The violin has four strings which are tuned in fifths. The scientific pitch of the strings from lowest to highest is: G3, D4, A4, and E5.
|String||Scientific pitch||Helmholtz pitch||Semitones from Middle C||Frequency (Hz)|
The violin is tuned in perfect fifths - each string is tuned an interval of a perfect fifth from the string (or strings) next to it. The strings of the violin are tightened or loosened to produce the right note by the pegs and the fine tuners. Some violins only have fine tuners on the E string, whereas others have fine tuners on all 4 strings. If you buy a violin with only one fine tuner, you do have the option of getting the other three fine tuners installed into the tailpiece by a luthier. As their name suggests, the fine tuners are used for tuning the string if the string is off-pitch by a small interval of no more than half a tone or so. When the string is out of tune by half a tone or more, then the pegs are used to tune the note initially, with the fine tuner being used afterwards to make sure the note is exactly in tune. Beginners are usually advised not to tune with the pegs unless absolutely necessary, in order to avoid unnecessary string breakages. If you are beginning to tune from the peg, it is a good idea to tune with a scientific tuner to make sure you are not over-tightening the string, however with most low-end scientific tuners you will still have to be wary of tuning an octave too high or too low. Only move the peg about a few millimeters at a time - you will be surprised at how significantly such a small turn can affect the pitch of the string!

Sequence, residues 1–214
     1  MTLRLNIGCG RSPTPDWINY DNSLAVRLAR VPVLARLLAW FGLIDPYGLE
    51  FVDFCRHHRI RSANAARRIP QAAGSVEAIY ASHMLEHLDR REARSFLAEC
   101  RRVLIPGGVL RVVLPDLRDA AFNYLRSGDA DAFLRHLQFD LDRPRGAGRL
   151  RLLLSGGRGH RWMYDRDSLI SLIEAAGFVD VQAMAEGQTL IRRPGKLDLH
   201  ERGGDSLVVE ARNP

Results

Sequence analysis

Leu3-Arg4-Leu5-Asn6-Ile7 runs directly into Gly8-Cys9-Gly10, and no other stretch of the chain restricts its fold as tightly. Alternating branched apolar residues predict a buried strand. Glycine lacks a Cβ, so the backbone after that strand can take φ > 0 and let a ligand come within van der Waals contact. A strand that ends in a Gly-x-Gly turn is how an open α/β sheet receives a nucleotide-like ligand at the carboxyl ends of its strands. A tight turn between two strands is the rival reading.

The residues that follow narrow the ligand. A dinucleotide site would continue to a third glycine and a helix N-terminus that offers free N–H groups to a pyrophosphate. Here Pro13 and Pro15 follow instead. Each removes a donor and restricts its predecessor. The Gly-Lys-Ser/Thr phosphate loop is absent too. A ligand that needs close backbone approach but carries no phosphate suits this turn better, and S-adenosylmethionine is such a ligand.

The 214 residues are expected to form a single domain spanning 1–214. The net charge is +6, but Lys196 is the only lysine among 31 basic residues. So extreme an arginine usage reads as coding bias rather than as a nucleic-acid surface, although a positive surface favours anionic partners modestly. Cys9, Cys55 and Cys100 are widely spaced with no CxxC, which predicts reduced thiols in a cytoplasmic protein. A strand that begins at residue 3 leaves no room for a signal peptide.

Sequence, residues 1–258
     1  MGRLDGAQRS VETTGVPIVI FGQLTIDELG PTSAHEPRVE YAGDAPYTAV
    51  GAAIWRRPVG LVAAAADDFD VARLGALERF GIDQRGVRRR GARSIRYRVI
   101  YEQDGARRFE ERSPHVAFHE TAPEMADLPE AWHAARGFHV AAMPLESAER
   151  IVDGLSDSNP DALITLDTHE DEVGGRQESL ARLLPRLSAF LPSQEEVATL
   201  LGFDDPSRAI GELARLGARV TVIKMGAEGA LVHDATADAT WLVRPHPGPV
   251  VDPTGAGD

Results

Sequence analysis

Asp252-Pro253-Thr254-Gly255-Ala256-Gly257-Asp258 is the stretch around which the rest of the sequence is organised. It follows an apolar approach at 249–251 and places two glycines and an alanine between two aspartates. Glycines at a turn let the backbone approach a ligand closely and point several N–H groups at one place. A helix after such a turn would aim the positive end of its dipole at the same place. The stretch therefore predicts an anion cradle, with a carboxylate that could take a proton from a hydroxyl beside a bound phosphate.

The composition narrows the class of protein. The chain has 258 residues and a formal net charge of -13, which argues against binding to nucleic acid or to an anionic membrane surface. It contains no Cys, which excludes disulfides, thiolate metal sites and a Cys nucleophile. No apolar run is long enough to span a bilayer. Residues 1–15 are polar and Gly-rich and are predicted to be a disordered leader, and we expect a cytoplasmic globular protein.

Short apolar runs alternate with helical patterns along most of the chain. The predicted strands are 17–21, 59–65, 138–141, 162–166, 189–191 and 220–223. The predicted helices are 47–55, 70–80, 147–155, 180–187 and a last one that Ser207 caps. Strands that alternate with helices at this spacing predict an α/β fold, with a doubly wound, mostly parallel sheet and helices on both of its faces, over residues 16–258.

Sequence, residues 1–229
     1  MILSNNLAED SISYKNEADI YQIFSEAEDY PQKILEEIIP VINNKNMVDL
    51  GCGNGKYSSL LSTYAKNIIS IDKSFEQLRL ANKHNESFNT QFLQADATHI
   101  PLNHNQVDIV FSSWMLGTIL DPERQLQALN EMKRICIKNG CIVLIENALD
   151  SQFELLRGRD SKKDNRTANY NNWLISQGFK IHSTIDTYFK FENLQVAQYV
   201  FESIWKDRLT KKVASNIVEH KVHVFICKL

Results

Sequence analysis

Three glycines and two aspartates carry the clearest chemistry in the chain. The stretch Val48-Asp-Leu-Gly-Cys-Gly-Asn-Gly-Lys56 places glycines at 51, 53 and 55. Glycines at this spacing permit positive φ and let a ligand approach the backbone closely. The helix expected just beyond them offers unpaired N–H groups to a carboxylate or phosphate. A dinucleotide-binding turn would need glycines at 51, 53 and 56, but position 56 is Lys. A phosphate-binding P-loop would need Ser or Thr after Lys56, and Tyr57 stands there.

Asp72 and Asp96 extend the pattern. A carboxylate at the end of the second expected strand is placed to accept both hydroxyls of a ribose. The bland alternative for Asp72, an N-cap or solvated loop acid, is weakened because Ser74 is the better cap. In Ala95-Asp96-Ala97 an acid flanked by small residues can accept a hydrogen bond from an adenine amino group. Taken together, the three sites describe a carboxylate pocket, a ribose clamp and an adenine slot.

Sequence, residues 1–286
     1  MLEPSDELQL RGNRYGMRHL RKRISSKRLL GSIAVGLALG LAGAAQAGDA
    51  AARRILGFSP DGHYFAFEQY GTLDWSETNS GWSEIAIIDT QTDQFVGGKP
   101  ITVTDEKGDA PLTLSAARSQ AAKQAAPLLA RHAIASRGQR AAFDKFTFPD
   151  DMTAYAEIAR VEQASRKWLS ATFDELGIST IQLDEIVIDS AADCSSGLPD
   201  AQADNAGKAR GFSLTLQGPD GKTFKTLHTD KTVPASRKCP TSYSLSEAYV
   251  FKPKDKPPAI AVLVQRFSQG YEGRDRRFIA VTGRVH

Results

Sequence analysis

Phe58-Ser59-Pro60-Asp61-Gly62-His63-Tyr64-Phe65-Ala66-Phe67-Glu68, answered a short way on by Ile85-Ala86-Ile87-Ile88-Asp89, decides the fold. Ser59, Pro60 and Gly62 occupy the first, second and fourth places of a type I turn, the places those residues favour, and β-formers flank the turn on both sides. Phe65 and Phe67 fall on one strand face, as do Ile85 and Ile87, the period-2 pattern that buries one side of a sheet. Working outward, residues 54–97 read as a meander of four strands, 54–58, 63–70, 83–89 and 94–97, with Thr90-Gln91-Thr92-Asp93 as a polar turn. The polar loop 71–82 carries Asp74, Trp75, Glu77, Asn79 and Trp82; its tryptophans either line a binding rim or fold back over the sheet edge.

- Tuning the Violin
- Tuning using a Piano
- Relative Tuning
- Tuning with Electronic Violin Tuners
- Alternate Tunings for the Violin
- Common tuning Problems
- Quick-Reference Tuning Tips
When tuning any instrument, you should always tune from below the note, up. This prevents string breakages and systematizes the process of tuning, so you eventually become more familiar with the sound of a perfect, in-tune string. When tuning your violin, you should also always tune using the fine tuners when possible (if you have them - most learner violins should have fine tuners). When a fine tuner has been wound right down to the end of the screw, loosen the fine tuner all the way to the end of the screw before carefully tightening the tuning peg. This way, you prevent the string from being over-tightened.
When you are tuning your violin, play the note continuously with your bow and listen carefully to the string as it tightens towards the desired pitch. Remember, you may need to stop to tune halfway through a practice, especially if you are using new strings as they tend to stretch and may need tightening from the peg multiple times per practice session for the first few days.
It is advisable to start by tuning the A string first, followed by the D, G then E strings. When you start to become more familiar with the sound of the notes of the different strings, you can try tuning the strings against each other - this is known as relative tuning (see 'Relative Tuning' section).
If you want to know more about the physics of tuning any instrument, head over to The Science of Tuning Musical Instruments.
Tuning your violin using a Piano or Keyboard is a relatively simple task. The picture above shows the piano keys that correspond with the strings on the violin. Make sure you use the 'Middle C' on the picture as a reference point so you don't try to tune your violin an octave too low, or too high. Play the note on the piano and match the correct string to the note. Remember to use the fine tuners on your violin to tune if the string is out by less than half a tone. Use the pedals on the piano so the note you play is able to sound freely, and so that you can have both hands available to tune the violin.